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It is our hope that those people entrusted with the duty or the ‘job’ of explaining the rudiments of the new Montserrat Constitution Order, are indeed concentrating on what ARE new in it and different from previous.

We want to applaud the eventual formation of the Alliougana Human Rights Goup (AHRG) which was created out of the effort of HMG with funding by the UK Department for International Development (DFID) and carried out by the Commonwealth Foundation.

We hope also that the new newly launched Alliougana group is not selling the idea that the sections of the constitution dealing with the Fundamental Rights and Freedoms are all new. These are very important, but those were always what should have been guiding the integrity, democracy and governance of all peoples in Montserrat, especially those in authority and public office. They may not have been written in any single document, but were all there.

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Important are the avenues now made available to report the many transgressions against human rights that are continually committed here and go unnoticed or reported.  We do hear both Governor and Premier dwell on the Commissions that will deal with the issues that will arise.

Our hope also is that the people entrusted to upholding these rights will also be coached in knowing their real obligations and responsibilities; e.g. the right to work; and, like the people who are perhaps knowing their rights now must also know their responsibilities. So, just as public servants are being targeted in the message here, we are reminded of the Rights to  Education and what the responsibilities are for the parents who share and seek to uphold these rights.

And what about the Rights to Information? Not just what our politicians and public servants believe is enough to be put  “on the website’’, but their obligation to use all decent means to provide ALL, information the boss public is entitled to. Some of the information are even mandated to be advertised and publicised.

Just this past week information came out of Antigua and Barbuda where a two-day, first of its kind regional forum of CARIFORUM concluded, stressing the need for action on communications and public education in support of the implementation of the CARIFORUM-EU Economic Partnership Agreement (EPA). The headline of the story read: “…meeting on EPA calls for action on communications and public education.”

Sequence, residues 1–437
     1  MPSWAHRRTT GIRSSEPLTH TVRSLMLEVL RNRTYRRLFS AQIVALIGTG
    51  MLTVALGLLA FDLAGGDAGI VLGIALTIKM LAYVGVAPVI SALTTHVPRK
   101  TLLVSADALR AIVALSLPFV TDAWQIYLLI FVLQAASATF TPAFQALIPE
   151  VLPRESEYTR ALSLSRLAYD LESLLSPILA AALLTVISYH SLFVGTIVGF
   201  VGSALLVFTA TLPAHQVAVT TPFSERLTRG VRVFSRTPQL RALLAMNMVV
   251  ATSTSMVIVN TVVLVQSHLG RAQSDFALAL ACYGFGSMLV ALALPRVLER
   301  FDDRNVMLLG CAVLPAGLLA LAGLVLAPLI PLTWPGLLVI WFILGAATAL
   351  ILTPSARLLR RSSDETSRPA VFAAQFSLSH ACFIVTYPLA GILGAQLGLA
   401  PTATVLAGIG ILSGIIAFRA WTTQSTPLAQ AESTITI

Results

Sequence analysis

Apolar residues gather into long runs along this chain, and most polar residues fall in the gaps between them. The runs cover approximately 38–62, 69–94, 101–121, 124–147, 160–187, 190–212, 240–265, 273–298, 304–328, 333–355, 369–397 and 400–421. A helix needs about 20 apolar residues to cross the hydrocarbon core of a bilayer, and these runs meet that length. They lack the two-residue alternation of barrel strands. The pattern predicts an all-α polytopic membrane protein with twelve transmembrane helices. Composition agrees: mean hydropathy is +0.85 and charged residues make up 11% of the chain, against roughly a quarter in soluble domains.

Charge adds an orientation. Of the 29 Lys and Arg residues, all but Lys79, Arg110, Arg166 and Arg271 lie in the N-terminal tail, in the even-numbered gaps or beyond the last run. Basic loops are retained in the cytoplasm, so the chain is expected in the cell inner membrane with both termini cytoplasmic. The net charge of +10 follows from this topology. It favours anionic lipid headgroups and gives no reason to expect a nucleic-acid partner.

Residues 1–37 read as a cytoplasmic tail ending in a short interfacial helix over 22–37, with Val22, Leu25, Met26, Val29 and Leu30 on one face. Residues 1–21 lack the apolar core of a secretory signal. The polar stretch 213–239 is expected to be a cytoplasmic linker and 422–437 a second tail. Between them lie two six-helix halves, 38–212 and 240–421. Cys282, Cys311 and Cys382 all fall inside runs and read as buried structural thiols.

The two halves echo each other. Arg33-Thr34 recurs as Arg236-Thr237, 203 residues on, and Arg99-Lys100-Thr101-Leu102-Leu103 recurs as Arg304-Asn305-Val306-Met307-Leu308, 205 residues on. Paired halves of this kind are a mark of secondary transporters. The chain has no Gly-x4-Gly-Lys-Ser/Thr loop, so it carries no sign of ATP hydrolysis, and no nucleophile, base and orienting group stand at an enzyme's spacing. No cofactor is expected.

At the closing session of this forum, was an exploration of the scope to capitalize on synergies in communications and public education approaches, with respect to those actors that have a stake in EPA implementation, namely: (a) the regional EPA Implementation Unit; (b) national EPA implementation authorities and relevant government departments (including government information services or their equivalents); (c) regional private sector interests; (d) civil society…

This involved the 14 dependent nations of CARICOM, but we hope and will ascertain if Montserrat being the 15th full member of CARICOM, and being only next door, “was offered or allowed observer status.” In any case, does this mean anything to Montserrat?

The education that is going on generally about the Constitution, which the Premier has warned will not necessarily bring about any change in our impoverished economy, we wish to state that this can just be the beginning of a huge education campaign that this island needs which will come through a heavy media onslaught of discussions and publications, about financing, health and the economy. This may well be a move that might have to be initiated by the Governor’s office circumventing the popular statement about not having the money to do this and that, no matter the relevance and importance. This will stimulate something for the economy, but do we really have to wait for someone to slyly push it on us?